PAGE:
31 Days of the Undead: REC | Screen | Pittsburgh | Pittsburgh City Paper

31 Days of the Undead: REC

In honor of Romero Lives!, the city's month-long George A. Romero tribute, Pittsburgh City Paper presents 31 Days of the Undead, a series of reviews and essays about zombie media. Look for new posts going up every day from now through Oct. 31.

REC (2007)
click to enlarge 31 Days of the Undead: REC
Photo: Filmax
Found footage fell into a bit of a retread after The Blair Witch Project made it a go-to technique of horror filmmakers. A few standouts prevailed, the most obvious being Paranormal Activity, which went on to become one of the most commercially successful low-budget films of all time (it was shot for roughly $15,000, made over $193 million, and spawned several sequels). But for the most part, every new found-footage entry employs the same tired shaky-cam chaos meant to add a jolt of authenticity to otherwise mediocre thrillers and supernatural tales.

Then there’s REC, a 2007 Spanish import by Jaume Balagueró and Paco Plaza that lulls you into a sense of security before unleashing floor after floor of undead madness in an apartment building.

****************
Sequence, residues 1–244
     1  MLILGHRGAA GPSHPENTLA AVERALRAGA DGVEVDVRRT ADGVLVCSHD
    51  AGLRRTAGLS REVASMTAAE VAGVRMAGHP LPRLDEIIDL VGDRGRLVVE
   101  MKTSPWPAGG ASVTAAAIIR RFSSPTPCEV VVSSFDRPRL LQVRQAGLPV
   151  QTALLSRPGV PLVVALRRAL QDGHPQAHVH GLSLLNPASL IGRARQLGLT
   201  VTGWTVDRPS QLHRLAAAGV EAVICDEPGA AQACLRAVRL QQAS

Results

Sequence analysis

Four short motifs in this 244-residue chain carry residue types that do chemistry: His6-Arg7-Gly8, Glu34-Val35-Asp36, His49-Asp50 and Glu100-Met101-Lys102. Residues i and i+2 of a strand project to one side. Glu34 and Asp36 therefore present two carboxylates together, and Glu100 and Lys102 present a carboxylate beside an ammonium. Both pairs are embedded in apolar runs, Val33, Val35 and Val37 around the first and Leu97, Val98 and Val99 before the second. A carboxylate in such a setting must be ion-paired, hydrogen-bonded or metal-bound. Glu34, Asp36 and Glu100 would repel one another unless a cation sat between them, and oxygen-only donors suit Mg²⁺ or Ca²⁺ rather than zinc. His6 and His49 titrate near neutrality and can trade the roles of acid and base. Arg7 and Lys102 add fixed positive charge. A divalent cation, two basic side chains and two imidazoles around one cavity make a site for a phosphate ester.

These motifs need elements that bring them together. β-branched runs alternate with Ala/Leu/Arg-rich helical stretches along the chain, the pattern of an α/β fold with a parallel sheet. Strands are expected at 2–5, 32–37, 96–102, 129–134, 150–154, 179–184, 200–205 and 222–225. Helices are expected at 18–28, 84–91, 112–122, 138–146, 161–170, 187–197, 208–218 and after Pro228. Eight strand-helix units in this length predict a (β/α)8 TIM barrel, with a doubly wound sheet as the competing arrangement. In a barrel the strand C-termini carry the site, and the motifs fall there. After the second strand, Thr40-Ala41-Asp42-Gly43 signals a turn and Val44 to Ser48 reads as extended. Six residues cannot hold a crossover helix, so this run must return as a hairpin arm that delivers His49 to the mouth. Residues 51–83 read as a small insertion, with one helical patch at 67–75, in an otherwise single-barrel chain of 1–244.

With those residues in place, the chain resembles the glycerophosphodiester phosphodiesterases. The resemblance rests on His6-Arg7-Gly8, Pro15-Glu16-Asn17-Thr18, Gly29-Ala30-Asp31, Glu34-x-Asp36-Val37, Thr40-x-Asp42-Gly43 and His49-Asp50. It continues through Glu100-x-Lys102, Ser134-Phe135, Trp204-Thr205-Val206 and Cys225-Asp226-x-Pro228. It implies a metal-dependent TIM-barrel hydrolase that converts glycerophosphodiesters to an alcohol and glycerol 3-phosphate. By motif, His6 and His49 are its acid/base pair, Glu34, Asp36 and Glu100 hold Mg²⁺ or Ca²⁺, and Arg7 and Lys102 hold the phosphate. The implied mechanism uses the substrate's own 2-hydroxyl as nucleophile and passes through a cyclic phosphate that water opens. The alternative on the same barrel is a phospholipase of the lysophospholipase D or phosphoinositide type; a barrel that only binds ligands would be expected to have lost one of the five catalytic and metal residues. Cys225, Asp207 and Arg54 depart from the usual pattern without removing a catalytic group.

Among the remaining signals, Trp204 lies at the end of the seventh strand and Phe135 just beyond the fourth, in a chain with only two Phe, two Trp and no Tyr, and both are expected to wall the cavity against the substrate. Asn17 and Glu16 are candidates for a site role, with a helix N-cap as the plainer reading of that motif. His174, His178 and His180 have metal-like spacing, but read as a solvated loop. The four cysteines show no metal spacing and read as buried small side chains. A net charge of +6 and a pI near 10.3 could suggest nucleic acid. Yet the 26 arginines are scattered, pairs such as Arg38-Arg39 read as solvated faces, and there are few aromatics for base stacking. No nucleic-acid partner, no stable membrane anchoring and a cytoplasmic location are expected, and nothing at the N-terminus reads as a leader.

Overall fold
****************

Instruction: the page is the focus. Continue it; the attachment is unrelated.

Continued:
The Barcelona-set story follows TV news reporter Ángela and her cameraman Pablo as they film the nocturnal goings-on at a city fire station for a puff piece on night shifts. The fairly uneventful assignment soon changes when two firefighters go investigate a disturbance in an apartment building, with Ángela and Pablo in tow. What begins as a routine call results in the team being trapped by police and military officials claiming that building is under quarantine for a contagious virus that transforms people into monstrous beings. As the building’s tenants are turned one-by-one, Ángela and Pablo must find a way to escape.

From there, the movie unfolds in real-time through the lens of Pablo’s camera, giving the movie a kind of immersive, first-person, European Cops In Hell vibe. Adding to the effect is the loss of sound when a struggle ensues and accidentally switches the mic off, leaving the viewer feeling vulnerable as they try to understand the action with one less sense.

Though the setting may appear limited, the vertical, high-rise space instead gives the film a kinetic quality and potential for tons of surprises, as the characters race up multiple stairwells and in and out of apartments, having no idea what awaits them. Usually what awaits them is the same thing that chases them up towards the penthouse and through dark hallways, a growing horde of undead fast and furious enough to compete with the re-imagined zombies in Danny Boyle’s 2002 horror masterpiece, 28 Days Later.

With its quick pacing, brutal jump scares, and unpredictable ending, REC does an admirable job of modernizing the shambling ghouls introduced in George A. Romero’s Living Dead series. While the film received an American remake in 2009 and expanded into three sequels, it's best to start with the original.

REC is available to rent on most streaming platforms. 

Comments (0)